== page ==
“We know that some people are upset by that slogan,” Volokh says. But, “the government is perfectly entitled to take controversial stands or in this case stands that have become newly controversial because some very small group of people have ended up using a symbol for purposes that are very different” from what it originally signified.

I bow to Volokh’s superior expertise in First Amendment law but, again, the most recent (only?) SCOTUS ruling went the other way.

Other political and potentially controversial slogans routinely appear on license plates across the country, says Matt Dallek, a political historian at George Washington University’s Graduate School of Political Management.

“I’ve seen some ‘Live free or die’ license plates in New Hampshire, which of course has been the state motto for decades,” Dallek says. “You could argue that that certainly is a political statement” with a “fairly strong libertarian streak.” District of Columbia plates, which have long sported the colonial-era rallying cry “No taxation without representation” are also in that vein, he says.

“But I think that ‘Don’t Tread on Me’ has different, more extreme connotations, and therefore is more political and certainly is much more politicized,” Dallek adds.

That’s a slippery slope, of course. Obviously, there are groups and ideas that almost everyone considers “extreme.” But the Tea Party could just as easily have adopted “Live Free or Die” over its more active counterpart. Would it then become an “extreme” slogan?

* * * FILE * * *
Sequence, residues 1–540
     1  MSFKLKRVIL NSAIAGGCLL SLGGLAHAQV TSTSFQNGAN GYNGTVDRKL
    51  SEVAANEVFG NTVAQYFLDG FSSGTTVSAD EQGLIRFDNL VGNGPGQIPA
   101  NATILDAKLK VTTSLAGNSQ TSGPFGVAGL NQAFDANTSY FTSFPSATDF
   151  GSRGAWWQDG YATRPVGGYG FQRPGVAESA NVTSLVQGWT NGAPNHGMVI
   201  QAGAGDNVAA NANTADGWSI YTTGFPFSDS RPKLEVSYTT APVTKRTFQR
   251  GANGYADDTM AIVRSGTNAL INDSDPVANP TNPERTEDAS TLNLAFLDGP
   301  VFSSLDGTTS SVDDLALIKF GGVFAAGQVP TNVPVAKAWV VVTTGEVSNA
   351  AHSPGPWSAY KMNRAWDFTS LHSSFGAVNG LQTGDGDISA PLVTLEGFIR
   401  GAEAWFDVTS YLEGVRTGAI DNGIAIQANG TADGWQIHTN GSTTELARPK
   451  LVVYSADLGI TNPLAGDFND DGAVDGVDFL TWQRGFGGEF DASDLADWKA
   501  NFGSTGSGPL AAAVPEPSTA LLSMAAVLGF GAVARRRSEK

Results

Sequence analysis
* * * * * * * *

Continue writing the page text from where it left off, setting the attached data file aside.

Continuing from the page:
Politicized plates are available for other hot-button issues, as well. For example, “Trust Women/Respect Choice” is an option in Virginia, just as “Choose Life” is available on plates in Nebraska.

Rather obviously, whether plates are private or government speech, allowing “Respect Choice” and not “Choose Life” plates or vice-versa would constitute viewpoint discrimination. Virginia sells both (“Choose Life” is here). I’m not seeing a pro-choice plate available in Nebraska, but it’s possible that there simply hasn’t been a group sponsor for it.

In the states where “Don’t Tread on Me” plates have been introduced, they appear to be top sellers. And that’s good news for the Florida Veterans Foundation, a veterans’ advocacy group that stands to get $25 per Gadsden flag license plate.

But it hasn’t been an easy road, says Chairman Dennis Baker. The choice of the Gadsden flag was made not by the group, but by a lawmaker pushing for the fundraising plate in 2019. “I think it was because other states were having such good success with it,” he says.

He says the money the foundation hoped to raise could go a long way toward helping Florida veterans.

“Then January 6th happened and it was like, ‘oh, s***,'” he says. By then it was too late, because Florida’s legislature had already approved the design.

That’s a rather amusing irony—the controversial plate is raising money for a rather uncontroversial cause, the leaders of which didn’t even choose the plate design.

The opposite was true in Kansas: